California’s usual image is one of bright sunshine and sandy beaches, and in the southern part of the state this is largely true. However, in the northern reaches of the state, the beach towns are completely different. Fog, forests, feathers, and fur are the norm in Del Norte County, which hugs the coastline and the Oregon border. Travelers wishing to see a less populated area of the state will be rewarded with beautiful countryside, big trees, and amazing wildlife.
This is the territory of Redwoods National Park, a good six hours north of San Francisco. Sandwiched between the cities of Arcata and Crescent City, the area is rural and majestic. The Yurok tribe makes its home here, as do the giant coast redwoods of California. Visitors to the area can visit the lighthouse in Crescent City, hike in one of four state and national parks, fish in rivers and in the Pacific Ocean – the area is paradise for outdoor enthusiasts. Artists of any form will be inspired by the wilderness, and visitors should definitely bring cameras, sketchbooks, paints, or the like.
The Historic Requa Inn makes a terrific home base for visitors. It is located in Klamath, California, literally in the middle of the national and state parks. The Inn was built in 1914, and offers rustic yet comfortable accommodations as well as mouth-watering breakfasts. Dinners at the Inn are special affairs, as the cook is well-versed in gourmet techniques; it is well worth the extra charge to be ‘home’ in time for the meal rather than partake of the limited fast food offerings in the area.
This scenic area is made up of interlocking puzzle pieces of parks. Redwoods National Park is the big draw, but smaller areas such as Prairie Creek Redwoods State Park, Jedediah Smith Redwoods State Park, and Del Norte Redwoods State Park all have attractions for the hiker, fisherman, photographer, or artist. The 101 freeway within this area contains twelve miles known as the “Redwoods Highway”, where travelers will surely slow down to snap photos of the amazing scenery.
The park areas are bordered by the towns of Crescent City and Eureka/Arcata. Crescent City was made briefly famous in 1964 when an Alaska Earthquake triggered a tsunami that wiped out most of the town. Today, visitors will see signs warning of large waves and evacuation routes, a reminder that this northwest town is part of the “Pacific Ring of Fire” – a series of volcanoes and earthquake areas that reach up the coast of North America and down through Siberia and Asia. These signs are also seen in Hawaii, which is located in a much lower latitude but shares similar geological features all the same.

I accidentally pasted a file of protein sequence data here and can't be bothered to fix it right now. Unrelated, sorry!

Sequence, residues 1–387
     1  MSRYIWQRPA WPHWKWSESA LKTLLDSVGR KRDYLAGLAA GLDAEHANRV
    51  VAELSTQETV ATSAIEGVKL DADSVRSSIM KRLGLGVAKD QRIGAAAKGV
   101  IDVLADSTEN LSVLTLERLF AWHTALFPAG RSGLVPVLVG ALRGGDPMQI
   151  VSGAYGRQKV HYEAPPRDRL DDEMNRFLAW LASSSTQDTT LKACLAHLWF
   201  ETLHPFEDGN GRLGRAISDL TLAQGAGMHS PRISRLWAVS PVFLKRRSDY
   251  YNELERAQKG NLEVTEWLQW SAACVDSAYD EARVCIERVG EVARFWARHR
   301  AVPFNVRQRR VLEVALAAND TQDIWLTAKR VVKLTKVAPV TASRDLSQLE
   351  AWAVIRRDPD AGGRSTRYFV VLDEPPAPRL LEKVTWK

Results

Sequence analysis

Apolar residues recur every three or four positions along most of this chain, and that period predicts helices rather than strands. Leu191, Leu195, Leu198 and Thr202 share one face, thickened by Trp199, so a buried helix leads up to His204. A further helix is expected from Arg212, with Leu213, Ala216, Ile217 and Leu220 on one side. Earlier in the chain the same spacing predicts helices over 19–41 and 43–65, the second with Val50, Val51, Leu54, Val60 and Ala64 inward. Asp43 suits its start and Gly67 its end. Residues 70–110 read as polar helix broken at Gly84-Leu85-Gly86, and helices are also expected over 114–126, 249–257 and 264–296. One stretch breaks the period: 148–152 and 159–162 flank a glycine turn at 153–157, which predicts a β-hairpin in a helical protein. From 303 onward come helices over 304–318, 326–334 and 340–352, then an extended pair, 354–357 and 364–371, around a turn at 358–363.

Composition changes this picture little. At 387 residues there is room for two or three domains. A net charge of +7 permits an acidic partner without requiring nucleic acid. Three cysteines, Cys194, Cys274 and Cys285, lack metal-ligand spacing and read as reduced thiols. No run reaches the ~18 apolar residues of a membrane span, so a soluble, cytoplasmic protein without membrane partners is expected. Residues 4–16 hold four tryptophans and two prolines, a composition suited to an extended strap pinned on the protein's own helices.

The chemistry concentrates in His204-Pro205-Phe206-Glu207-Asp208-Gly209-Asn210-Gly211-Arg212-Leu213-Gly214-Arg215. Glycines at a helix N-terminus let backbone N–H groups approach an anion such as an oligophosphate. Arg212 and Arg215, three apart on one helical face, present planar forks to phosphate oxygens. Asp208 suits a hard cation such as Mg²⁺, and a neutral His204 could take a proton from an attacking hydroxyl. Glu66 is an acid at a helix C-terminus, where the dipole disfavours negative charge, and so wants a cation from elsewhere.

Because of the treacherous waters, the Crescent City lighthouse was built in 1856 in a Cape Cod style. Visitors may visit the building; those interested should contact the Del Norte Historical Society, which maintains the premises. The lighthouse tower is still in use, and known as the Battery Point Light. Artists will find this to be another area that provides inspiration, as the lighthouse and beach area are atmospheric.
The parks are prime sites for wildlife and bird sighting. 300 bird species, Roosevelt elk, whales, and salmon can all be found here. In addition, there are seasonal flowers. However, the greatest attraction in the area is undoubtedly the trees. They are huge, ancient, and brooding. An easy walk through the Lady Bird Johnson Grove in Prairie Creek Redwoods State Park will provide a sense of the area; those who wish to see more of the habitat will want to spend extra time in Jedediah Smith Redwoods State Park and Redwoods National Park.
This rural area can be accessed from San Francisco or Portland International airports; renting a car at either site will then require around 450 miles of driving. Visitors who want to spend less time on the road should check out flights to Southwest Oregon Regional Airport (OTH), which around 200 miles from the area. Visitors will find that the remoteness of the California Northwest coast and forests allows for a completely different vacation – one that is quiet, relaxing, and filled with natural wonders.